2. The subject was opened up by explaining the thought process behind the proposed legislation and on the questions of why to have a Digital India Act and the goals meant to be achieved.

3. The present regulatory landscape of the IT Act 2000 comprises of the IT Intermediary Guidelines and Digital Media Ethics Code, Reasonable Security Practices and SPDI Rules, Certifying Authority Rules, Use of Electronic Records and Digital Signatures, Indian Computer Emergency Response Team [CERT-IN], Procedure & Safeguards for Blocking Rules (Sec 69), Cyber Appellate Tribunal. The internet has since come a long way and dramatically & drastically evolved and transformed over the last two decades since the enactment of IT Act 2000. 

4. Way back in the year 2000, the internet consisted of the Internet Service Provider (ISP) who provided the internet connection or access to the same through a portal. At the time when the IT Act 2000 was enacted, several of the innovations that have come over a period of time — e-commerce, social media platforms etc — were completely missing. Further, it had a “limited mandate” which is the legal recognition of electronic records, transactions and electronic signatures over the electronic medium.

5. A comparative was also given on “Internet in 2000” vs “Internet Today”, to summarise the present challenges in cyber space and which were found to be beyond the scope of the IT Act 2000:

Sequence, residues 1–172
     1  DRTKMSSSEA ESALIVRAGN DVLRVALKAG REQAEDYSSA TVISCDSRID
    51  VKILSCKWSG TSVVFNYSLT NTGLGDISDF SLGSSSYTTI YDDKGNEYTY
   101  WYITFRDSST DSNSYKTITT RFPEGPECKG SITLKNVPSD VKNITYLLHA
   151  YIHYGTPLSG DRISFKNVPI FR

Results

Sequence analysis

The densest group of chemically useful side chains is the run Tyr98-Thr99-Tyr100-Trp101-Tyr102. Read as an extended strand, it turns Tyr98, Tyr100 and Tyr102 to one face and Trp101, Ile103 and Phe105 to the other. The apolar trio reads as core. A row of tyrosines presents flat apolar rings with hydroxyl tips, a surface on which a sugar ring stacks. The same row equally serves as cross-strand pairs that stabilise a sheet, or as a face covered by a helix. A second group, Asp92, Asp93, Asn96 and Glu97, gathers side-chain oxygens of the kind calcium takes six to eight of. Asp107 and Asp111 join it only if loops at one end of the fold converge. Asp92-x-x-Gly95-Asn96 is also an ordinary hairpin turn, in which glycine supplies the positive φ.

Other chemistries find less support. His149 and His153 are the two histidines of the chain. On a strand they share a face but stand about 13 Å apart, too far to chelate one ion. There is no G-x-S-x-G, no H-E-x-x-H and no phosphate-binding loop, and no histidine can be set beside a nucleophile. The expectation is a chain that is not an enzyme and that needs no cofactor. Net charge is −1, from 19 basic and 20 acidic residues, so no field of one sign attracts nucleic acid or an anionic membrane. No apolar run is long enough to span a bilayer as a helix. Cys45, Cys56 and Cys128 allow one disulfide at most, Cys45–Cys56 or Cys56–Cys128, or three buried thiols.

• In 2000, there were about 5 million Indians on Internet vis-à-vis the 850 million (digital nagriks) as it stands today, making India the largest digitally connected democracy. It is expected to touch the 120 crore population of the country by 2025.
  • There had only been one type of “Intermediary” whereas now there are multiple types of “Intermediaries” namely “E-commerce”, “Search Engines”, “Ad tech”, “Digital Media”, “Social Media”, “AI”, “OTT”, “Gaming”, etc. This would mean that the “Safe Harbour Provisions” deserve to be re-examined as to who should be conferred the benefit of the same and who should not be entitled for the same. 
  • Internet had been much good way back in 2000 and acted as facilitating interactions among citizens whereas now it has become a space for criminalities and illegalities.
  • In the initial years of Internet, the traditional forms of user harms were cyber crime, cyber security hacking etc, which were conventional and predictable, whereas now we have complex forms of user harm, which include catfishing, doxxing, cyber stalking, cyber trolling, gaslighting, phishing, etc.
  • Internet used to be a source of good information, news and data whereas now it has become a medium for proliferation of hate speech, disinformation and fake news and with AI it is becoming more and more complex.

6. While on the one hand, the internet, devices and information technology have empowered the citizens of India, at the same time it has also created challenges in the form of “user harm”, “ambiguities in user rights”, “security”, “women & child safety”, “organised information wars”, “radicalisation and circulation of hate speech”, “misinformation & fake news”, “unfair trade practices”, etc. It is high time that the provisions of the same were re-visited and a new legislation brought in to replace it.

7. India’s innovation ecosystem has been rapidly growing and today’s digital economy is far more complex and diversified, comprising of the Internet, consumer tech, AI, block chain, cyber security, high performance computing, and so on, and it is the vision that the innovation leadership that is demonstrated by India through startup culture has to be maintained in such a way that the new laws and policies further catalyse and enable the same in the times to come.